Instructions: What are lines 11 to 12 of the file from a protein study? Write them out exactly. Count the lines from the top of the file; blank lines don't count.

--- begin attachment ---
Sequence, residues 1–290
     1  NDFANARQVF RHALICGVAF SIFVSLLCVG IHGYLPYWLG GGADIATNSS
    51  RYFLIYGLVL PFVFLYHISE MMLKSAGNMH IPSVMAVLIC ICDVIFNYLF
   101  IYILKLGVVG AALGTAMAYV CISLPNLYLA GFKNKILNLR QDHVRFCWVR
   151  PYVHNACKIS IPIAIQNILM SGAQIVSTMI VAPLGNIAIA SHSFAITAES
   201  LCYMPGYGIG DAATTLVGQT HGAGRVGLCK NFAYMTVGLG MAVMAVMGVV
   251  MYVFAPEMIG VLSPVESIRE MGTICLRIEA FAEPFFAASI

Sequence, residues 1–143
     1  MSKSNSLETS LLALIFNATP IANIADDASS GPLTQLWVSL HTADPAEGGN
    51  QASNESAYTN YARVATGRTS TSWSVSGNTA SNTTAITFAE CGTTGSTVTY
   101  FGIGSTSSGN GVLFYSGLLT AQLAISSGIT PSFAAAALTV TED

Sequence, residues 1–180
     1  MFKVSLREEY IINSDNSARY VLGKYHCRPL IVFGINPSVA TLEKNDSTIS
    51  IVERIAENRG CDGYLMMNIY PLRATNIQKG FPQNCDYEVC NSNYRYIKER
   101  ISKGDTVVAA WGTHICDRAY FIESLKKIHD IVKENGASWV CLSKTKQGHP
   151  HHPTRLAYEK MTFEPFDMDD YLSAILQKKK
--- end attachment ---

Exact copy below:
   101  FGIGSTSSGN GVLFYSGLLT AQLAISSGIT PSFAAAALTV TED

Sequence, residues 1–180